China, U.S. Signal Arms Control Intent in Statement With Nuclear States

China has joined the U.S., Russia, France and the UK in signaling its intent to curb nuclear proliferation with a joint statement released concurrently by the five nations on Monday.

Washington and Moscow control what are currently the world's two largest nuclear arsenals, but the U.S. has sounded the alarm over Beijing's rapid arms buildup. The Pentagon estimated in last November's China Military Power Report that Beijing will operate around 700 warheads by 2027 and "at least 1,000" by the end of the decade.

The Chinese government, meanwhile, has all but dismissed arms control dialogue while its nuclear stockpile—estimated at between 200 and 300—remains dwarfed by those of the U.S. and Russia. It argues its nuclear deterrent is defensive in nature, as evidenced by its stated "no first use" policy. Its officials also stressed that it wouldn't engage with Washington on a bilaterally basis, and that any such dialogue would have to involve Moscow.

China Endorses Joint Statement Reaffirming Nuclear Nonproliferation
A mushroom cloud from China's first test of an atomic bomb, believed to have been conducted in the Taklamakan Desert in Xinjiang, on October 16, 1964. China, the United States, the United Kingdom, Russia and France released a joint statement reaffirming their nonproliferation aims on January 3, 2022. Bettmann/Getty Images

This week's statement, also carried by the White House, listed the "reduction of strategic risks" between nuclear powers among its foremost responsibilities. "We affirm that a nuclear war cannot be won and must never be fought," the five powers said. Nuclear weapons should "serve defensive purposes, deter aggression and prevent war."

"We believe strongly that the further spread of such weapons must be prevented," read the statement by the five permanent members of the United Nations Security Council. It reaffirmed commitments to the Nuclear Non-Proliferation Treaty, including to the pursuit of an end to the nuclear arms race and nuclear disarmament. The nuclear-weapon states recommitted never to target each other or any other country.

"We intend to continue seeking bilateral and multilateral diplomatic approaches to avoid military confrontations, strengthen stability and predictability, increase mutual understanding and confidence, and prevent an arms race that would benefit none and endanger all," the text read. "We are resolved to pursue constructive dialogue with mutual respect and acknowledgment of each other's security interests and concerns."

According to 2021 estimates by the Stockholm International Peace Research Institute, America and Russia have 1,800 and 1,625 nuclear warheads respectively, but these figures reach 5,550 for the U.S. and 6,255 for Russia if reserve and retired warheads are considered. Meanwhile, Britain and France respectively deployed 120 and 280 warheads, or 225 and 290 warheads in total, according to the SIPRI data.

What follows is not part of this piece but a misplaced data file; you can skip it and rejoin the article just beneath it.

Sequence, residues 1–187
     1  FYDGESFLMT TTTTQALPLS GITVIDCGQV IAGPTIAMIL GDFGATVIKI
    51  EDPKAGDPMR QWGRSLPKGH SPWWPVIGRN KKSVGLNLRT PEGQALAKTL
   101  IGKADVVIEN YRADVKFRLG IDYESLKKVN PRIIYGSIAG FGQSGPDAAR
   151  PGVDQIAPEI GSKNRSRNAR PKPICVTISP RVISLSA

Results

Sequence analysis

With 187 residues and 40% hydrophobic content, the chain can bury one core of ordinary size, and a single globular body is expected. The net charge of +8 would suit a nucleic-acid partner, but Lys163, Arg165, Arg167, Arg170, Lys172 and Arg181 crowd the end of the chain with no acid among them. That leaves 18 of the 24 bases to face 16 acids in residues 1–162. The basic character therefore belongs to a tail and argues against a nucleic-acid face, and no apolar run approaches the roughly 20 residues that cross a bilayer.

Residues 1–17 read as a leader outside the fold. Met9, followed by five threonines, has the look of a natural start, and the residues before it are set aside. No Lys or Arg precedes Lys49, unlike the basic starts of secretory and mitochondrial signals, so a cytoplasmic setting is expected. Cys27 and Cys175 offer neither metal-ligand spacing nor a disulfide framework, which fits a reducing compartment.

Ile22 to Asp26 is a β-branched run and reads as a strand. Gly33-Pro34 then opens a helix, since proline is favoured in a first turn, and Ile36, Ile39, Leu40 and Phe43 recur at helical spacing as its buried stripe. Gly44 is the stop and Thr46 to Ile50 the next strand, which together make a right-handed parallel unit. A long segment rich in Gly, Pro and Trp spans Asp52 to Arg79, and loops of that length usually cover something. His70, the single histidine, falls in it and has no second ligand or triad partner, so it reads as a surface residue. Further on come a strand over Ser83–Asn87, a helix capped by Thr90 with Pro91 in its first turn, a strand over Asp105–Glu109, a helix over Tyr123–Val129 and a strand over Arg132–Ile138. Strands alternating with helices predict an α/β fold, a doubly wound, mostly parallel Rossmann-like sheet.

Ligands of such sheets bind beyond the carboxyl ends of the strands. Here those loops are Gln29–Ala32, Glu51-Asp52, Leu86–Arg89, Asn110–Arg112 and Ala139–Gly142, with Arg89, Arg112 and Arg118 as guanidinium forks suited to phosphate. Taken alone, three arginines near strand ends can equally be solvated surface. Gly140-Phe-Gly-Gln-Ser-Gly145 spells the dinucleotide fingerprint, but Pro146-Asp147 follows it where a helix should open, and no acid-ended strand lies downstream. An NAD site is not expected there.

The Statista graph below—based on similar data from the Federation of American Scientists—shows the world's nuclear arsenal as of October 2021.

Countries Holding World's Nuclear Arsenal
Estimated global nuclear warhead inventories as of October 2021. Statista

U.S. concerns about China's nuclear buildup have persisted for years, but they reached another level in 2020 when reports by Demetri Sevastopulo of the Financial Times revealed American defense officials had been "stunned" by a pair of hypersonic missile tests conducted by the Chinese military last July and August.

The emergence of a nuclear-capable and highly advanced novel delivery platform—one yet to be perfected by the U.S.—has led to months-long debates about arms control on Capitol Hill. The Department of Defense considers China's development of "hypersonics" an additional source of regional and global tensions.

China's endorsement of Monday's joint statement could send a message, at least on the surface, that it's ready to tone down domestic nationalistic rhetoric surrounding its potential use of nuclear weapons against its neighbors.

Some of the most striking nuclear talk was led by Hu Xijin, the former editor-in-chief of Chinese Communist Party tabloid the Global Times. Hu announced his sudden resignation from the role under mysterious circumstances in the middle of last month.

China Endorses Joint Statement Reaffirming Nuclear Nonproliferation
The Baker test during Operation Crossroads, a series of two nuclear weapons tests conducted by the United States at Bikini Atoll, Marshall Islands, on July 25, 1946. China, the United States, the United Kingdom, Russia and France released a joint statement reaffirming their nonproliferation aims on January 3, 2022. Galerie Bilderwelt/Getty Images